Intended for healthcare professionals

Clinical Review State of the Art Review

Clinical decision support in cardiovascular medicine

BMJ 2022; 377 doi: (Published 25 May 2022) Cite this as: BMJ 2022;377:e059818
  1. Yuan Lu, assistant professor1 2,
  2. Edward R Melnick, associate professor3 4,
  3. Harlan M Krumholz, professor1 2 5
  1. 1Center for Outcomes Research and Evaluation, Yale New Haven Hospital, New Haven, CT, USA
  2. 2Section of Cardiovascular Medicine, Department of Internal Medicine, Yale School of Medicine, New Haven, CT, USA
  3. 3Department of Emergency Medicine, Yale School of Medicine, New Haven, CT, USA
  4. 4Department of Biostatistics (Health Informatics), Yale School of Public Health, New Haven, CT, USA
  5. 5Department of Health Policy and Management, Yale School of Public Health, New Haven, CT, USA
  1. Correspondence to: H M Krumholz harlan.krumholz{at}


Despite considerable progress in tackling cardiovascular disease over the past 50 years, many gaps in the quality of care for cardiovascular disease remain. Multiple missed opportunities have been identified at every step in the prevention and treatment of cardiovascular disease, such as failure to make risk factor modifications, failure to diagnose cardiovascular disease, and failure to use proper evidence based treatments. With the digital transformation of medicine and advances in health information technology, clinical decision support (CDS) tools offer promise to enhance the efficiency and effectiveness of delivery of cardiovascular care. However, to date, the promise of CDS delivering scalable and sustained value for patient care in clinical practice has not been realized. This article reviews the evidence on key emerging questions around the development, implementation, and regulation of CDS with a focus on cardiovascular disease. It first reviews evidence on the effectiveness of CDS on healthcare process and clinical outcomes related to cardiovascular disease and design features associated with CDS effectiveness. It then reviews the barriers encountered during implementation of CDS in cardiovascular care, with a focus on unintended consequences and strategies to promote successful implementation. Finally, it reviews the legal and regulatory environment of CDS with specific examples for cardiovascular disease.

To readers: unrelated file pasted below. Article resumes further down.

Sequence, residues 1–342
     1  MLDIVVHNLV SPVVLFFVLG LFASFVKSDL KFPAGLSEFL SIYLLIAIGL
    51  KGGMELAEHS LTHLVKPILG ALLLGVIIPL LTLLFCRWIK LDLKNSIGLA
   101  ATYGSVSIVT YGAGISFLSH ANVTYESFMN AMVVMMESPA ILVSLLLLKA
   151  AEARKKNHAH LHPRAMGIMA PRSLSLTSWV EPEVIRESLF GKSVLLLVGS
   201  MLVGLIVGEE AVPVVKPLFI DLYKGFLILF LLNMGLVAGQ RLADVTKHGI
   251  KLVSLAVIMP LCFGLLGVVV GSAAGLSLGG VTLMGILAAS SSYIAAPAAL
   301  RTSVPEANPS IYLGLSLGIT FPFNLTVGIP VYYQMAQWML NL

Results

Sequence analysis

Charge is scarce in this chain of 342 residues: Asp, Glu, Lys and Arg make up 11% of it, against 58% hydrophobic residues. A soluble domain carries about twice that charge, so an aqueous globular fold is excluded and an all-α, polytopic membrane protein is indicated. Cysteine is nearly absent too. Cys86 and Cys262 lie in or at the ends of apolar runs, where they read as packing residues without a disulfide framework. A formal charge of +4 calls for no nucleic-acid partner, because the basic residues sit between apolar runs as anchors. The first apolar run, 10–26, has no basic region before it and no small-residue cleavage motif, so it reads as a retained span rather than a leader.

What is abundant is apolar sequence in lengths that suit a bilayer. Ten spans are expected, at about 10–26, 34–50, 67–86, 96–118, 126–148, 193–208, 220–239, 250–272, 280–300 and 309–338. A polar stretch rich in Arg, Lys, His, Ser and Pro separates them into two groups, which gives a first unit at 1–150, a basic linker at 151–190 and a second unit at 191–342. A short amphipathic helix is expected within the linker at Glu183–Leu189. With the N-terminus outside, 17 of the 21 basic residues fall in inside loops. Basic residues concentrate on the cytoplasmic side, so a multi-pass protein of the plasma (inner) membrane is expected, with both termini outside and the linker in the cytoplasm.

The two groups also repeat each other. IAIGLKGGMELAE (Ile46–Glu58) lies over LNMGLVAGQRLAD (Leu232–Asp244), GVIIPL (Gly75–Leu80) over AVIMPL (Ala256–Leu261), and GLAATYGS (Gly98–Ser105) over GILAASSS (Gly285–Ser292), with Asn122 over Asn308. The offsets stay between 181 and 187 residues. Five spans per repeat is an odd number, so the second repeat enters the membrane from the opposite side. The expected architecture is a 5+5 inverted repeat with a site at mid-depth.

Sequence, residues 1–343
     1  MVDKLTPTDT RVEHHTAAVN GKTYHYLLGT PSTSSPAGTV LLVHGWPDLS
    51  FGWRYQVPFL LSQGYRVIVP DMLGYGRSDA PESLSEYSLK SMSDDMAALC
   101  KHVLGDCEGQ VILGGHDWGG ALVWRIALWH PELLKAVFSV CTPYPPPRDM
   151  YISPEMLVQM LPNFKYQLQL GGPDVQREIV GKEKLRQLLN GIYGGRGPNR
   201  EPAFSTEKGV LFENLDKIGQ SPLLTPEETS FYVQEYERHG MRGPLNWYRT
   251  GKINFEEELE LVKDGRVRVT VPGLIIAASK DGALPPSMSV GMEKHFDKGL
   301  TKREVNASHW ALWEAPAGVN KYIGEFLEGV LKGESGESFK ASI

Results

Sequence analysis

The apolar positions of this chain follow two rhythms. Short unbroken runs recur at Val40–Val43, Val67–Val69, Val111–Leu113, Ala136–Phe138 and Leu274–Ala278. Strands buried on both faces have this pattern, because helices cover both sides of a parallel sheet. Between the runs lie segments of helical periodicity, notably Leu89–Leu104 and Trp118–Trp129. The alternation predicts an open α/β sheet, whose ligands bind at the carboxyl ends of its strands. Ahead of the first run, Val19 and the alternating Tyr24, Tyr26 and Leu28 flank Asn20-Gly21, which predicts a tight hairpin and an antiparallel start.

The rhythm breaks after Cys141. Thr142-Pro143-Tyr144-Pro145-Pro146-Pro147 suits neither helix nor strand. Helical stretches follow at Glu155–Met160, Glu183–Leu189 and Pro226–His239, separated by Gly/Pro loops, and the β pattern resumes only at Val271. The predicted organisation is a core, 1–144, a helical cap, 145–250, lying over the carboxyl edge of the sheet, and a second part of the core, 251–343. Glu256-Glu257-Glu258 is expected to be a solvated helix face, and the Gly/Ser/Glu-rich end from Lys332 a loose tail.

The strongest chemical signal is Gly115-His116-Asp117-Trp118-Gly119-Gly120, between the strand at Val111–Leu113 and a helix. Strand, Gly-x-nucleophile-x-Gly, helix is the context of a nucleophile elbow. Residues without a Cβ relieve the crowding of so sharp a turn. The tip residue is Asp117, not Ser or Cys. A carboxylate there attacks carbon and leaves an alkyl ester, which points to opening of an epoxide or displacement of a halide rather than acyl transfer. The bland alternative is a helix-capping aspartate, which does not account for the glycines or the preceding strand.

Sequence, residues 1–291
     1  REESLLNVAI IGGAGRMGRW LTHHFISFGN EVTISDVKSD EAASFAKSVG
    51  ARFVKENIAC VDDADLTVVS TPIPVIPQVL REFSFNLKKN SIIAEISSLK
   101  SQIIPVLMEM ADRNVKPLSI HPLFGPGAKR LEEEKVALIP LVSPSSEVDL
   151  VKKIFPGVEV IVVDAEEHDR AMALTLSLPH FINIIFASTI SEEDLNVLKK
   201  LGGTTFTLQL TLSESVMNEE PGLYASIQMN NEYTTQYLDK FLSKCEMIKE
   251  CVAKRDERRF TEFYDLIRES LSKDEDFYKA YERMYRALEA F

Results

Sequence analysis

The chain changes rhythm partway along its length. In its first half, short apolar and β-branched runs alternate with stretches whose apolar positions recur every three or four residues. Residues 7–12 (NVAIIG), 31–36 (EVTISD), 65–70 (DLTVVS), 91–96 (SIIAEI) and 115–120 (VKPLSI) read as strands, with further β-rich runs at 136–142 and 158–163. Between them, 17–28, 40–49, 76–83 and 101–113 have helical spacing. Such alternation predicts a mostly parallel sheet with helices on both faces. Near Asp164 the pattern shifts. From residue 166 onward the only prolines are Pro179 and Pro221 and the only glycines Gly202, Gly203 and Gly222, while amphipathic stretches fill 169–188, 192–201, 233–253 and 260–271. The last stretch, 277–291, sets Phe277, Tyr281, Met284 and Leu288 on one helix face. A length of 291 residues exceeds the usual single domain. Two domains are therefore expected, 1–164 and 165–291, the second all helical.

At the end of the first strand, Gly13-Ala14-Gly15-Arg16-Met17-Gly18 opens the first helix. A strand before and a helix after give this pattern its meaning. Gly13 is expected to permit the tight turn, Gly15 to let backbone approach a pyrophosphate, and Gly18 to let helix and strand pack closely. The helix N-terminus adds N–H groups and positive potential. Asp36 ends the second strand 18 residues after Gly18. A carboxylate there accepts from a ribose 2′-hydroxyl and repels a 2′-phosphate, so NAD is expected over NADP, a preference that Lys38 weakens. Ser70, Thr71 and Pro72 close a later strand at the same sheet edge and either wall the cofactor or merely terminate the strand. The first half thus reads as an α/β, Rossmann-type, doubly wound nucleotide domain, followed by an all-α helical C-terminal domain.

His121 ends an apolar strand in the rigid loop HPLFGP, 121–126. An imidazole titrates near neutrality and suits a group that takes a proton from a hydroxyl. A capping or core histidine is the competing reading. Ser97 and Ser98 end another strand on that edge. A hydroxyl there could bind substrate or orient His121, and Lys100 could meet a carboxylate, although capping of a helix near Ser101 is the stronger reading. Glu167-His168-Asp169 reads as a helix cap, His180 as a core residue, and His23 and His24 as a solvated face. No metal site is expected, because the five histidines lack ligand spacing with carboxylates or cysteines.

• Series explanation: State of the Art Reviews are commissioned on the basis of their relevance to academics and specialists in the US and internationally. For this reason they are written predominantly by US authors

  • Contributors: YL, ERM, and HMK conceived and designed this review. YL did the search and selected the studies for inclusion. YL drafted the manuscript, and ERM and HMK edited and approved the final version.

  • Competing interests: We have read and understood BMJ policy on declaration of interests and declare the following interests: HMK has received personal fees from UnitedHealth, Element Science, Aetna, Reality Labs, F-Prime, Siegfried & Jensen Law Firm, Martin/Baughman Law Firm, and Arnold and Porter Law Firm and grants from Johnson & Johnson; he is a co-founder of HugoHealth, a personal health information platform, and co-founder of Refactor Health, an enterprise healthcare artificial intelligence-augmented data management company, and he has contracts from Centers for Medicare & Medicaid Services Contracts, through Yale New Haven Hospital, to develop and maintain performance measures that are publicly reported outside the submitted work; YL is supported in part by the National Heart, Lung, and Blood Institute (K12HL138037) and the Yale Center for Implementation Science; ERM is supported in part by the National Institute On Drug Abuse of the National Institutes of Health under Award Number UH3DA047003. The content is solely the responsibility of the authors and does not necessarily represent the official views of the National Institutes of Health.

  • Patient involvement: No patients were asked for input in the creation of this article.

  • Provenance and peer review: Commissioned; externally peer reviewed.

View Full Text

Log in

Log in through your institution


* For online subscription